Report highlights lack of sepsis training for nurses
Only two out of 159 NHS trusts in England provide a day or more of sepsis training for nurses, an all-party parliamentary group (APPG) has found.
The APPG for sepsis sent Freedom of Information (FOI) requests to 159 trusts for its second annual review into how the NHS is tackling the life-threatening condition. Full or partial responses were provided by 113 trusts.
Just five trusts demonstrated a day (seven-and-a-half to eight hours) or more of sepsis training for medical staff – and only two did so for nurses.
It is estimated that more than 120,000 people are admitted to hospital with sepsis each year in the UK. Around 37,000 people will die as a result of the condition and more than 12,000 of those deaths are considered avoidable.
The amount of sepsis training, according to the FOI responses, ranged from ten minutes to nine hours a year for nurses and 11 hours a year for medical staff.
Of the trusts that responded to the FOI request:
- 42 (37%) did not keep records of nursing staff receiving training.
- 67 (59%) either have no specific training or do not hold records of any training taking place.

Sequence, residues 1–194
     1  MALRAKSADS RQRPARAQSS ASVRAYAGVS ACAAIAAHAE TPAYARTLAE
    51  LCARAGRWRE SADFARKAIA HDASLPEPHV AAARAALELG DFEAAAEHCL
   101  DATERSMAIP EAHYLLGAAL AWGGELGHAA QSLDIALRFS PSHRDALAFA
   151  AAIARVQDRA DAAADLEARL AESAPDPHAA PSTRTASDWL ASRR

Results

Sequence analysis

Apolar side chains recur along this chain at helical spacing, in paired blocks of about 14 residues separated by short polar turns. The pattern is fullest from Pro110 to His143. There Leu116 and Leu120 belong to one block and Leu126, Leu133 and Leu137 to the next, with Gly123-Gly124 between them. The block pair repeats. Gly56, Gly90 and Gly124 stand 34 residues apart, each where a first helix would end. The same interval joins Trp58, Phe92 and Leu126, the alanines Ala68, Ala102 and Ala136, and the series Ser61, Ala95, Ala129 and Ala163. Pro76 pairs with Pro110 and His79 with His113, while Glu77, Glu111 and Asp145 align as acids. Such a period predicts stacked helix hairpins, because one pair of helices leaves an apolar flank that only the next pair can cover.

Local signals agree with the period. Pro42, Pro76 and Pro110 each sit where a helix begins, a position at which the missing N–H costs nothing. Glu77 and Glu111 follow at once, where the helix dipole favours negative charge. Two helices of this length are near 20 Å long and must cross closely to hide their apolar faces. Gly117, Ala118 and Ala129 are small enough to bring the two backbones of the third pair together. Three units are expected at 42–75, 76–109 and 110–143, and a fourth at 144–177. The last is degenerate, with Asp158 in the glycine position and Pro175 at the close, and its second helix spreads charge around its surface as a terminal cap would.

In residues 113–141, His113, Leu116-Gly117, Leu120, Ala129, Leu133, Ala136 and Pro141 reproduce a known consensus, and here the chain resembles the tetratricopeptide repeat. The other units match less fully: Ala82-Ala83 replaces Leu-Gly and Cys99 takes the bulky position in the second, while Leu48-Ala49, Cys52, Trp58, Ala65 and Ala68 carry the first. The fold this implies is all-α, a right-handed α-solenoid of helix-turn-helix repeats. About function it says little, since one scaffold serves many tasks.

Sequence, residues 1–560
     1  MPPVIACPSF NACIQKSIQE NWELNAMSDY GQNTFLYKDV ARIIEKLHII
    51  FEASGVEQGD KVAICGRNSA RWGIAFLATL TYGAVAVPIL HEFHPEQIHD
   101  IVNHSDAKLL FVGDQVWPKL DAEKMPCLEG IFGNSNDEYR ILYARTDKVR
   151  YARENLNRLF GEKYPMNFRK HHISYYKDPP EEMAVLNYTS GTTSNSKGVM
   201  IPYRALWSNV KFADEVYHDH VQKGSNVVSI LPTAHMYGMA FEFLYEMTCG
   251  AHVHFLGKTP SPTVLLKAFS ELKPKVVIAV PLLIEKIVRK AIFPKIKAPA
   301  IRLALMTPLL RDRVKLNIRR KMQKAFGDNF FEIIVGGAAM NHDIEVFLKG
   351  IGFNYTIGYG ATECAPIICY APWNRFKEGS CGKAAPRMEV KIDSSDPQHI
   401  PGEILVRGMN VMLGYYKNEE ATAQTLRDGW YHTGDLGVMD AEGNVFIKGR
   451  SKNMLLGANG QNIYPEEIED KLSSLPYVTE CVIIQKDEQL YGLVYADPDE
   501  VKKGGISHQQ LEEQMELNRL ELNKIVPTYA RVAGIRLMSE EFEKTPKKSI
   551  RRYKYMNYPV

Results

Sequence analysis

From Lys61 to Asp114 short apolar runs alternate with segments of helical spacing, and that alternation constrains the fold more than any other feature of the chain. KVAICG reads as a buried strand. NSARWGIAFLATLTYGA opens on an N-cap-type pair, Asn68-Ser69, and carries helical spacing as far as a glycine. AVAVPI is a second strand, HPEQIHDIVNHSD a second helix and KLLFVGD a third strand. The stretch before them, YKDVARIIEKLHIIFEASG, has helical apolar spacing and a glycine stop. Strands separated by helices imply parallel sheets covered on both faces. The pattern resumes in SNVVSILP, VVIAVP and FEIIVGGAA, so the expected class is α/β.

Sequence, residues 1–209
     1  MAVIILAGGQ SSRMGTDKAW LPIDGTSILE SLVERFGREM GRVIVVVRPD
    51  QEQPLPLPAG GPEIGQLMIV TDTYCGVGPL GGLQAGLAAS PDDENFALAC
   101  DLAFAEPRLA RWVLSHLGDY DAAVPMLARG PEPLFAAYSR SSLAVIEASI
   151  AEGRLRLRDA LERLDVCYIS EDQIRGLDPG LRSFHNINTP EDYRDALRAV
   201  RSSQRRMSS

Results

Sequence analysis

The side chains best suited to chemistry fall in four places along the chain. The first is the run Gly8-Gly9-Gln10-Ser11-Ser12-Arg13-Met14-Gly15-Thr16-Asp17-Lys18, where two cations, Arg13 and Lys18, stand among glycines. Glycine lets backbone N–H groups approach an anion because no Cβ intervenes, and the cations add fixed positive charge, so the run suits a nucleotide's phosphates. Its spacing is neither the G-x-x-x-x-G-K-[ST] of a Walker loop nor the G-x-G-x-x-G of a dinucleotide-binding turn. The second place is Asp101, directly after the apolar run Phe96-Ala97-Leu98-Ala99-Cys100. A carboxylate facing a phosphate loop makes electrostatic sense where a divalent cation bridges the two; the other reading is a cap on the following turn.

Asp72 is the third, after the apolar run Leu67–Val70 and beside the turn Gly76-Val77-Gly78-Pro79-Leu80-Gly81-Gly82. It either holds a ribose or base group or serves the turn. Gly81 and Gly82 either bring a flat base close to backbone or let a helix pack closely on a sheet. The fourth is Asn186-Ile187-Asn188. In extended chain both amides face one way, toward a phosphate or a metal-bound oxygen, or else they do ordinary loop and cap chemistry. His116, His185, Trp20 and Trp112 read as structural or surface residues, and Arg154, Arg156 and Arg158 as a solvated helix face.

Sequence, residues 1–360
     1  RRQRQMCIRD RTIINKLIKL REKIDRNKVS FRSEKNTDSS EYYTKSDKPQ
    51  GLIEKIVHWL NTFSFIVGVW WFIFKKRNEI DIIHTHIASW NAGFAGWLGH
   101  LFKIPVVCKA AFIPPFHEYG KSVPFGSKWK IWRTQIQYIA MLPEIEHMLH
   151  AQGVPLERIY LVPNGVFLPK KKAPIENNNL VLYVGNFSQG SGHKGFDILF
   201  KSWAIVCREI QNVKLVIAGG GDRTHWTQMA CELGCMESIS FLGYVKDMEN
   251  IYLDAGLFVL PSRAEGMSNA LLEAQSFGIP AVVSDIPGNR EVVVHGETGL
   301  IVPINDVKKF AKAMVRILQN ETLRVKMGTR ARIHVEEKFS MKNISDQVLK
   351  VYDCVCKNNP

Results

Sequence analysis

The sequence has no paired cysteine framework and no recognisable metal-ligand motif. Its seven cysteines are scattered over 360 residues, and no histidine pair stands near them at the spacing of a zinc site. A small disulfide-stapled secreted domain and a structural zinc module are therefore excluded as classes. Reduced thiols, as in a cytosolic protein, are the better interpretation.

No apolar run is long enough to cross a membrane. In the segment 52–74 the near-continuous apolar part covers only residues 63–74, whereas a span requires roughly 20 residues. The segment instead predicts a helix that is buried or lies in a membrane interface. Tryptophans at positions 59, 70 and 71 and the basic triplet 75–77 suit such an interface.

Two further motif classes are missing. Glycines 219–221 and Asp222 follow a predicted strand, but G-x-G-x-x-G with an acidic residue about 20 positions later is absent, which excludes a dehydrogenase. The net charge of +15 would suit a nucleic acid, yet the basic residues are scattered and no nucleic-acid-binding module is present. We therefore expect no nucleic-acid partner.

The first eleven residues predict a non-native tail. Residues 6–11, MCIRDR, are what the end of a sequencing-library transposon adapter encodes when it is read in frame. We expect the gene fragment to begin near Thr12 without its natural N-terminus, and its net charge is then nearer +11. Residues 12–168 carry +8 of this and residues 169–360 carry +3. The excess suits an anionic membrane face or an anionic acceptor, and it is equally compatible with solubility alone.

The report also found that 88% of trusts could not provide evidence for a specific budget for sepsis. This showed that ‘doctors and nurses on the front line need more support to deal with this potentially deadly condition’, said APPG chair, Cheryl Gillan MP.
The report said: ‘Given the number of sepsis cases and fatalities each year, and the necessity for early recognition to save lives, it would appear obvious that investment in training for staff and full recording of this would lead to better reduction rates and fewer deaths.’
Many trusts ‘fall back on the fact that such training is not mandatory as a defence for their lack of provision or recording’, the report added. The APPG recommended mandatory sepsis training and monitoring to a national standard by all NHS trusts.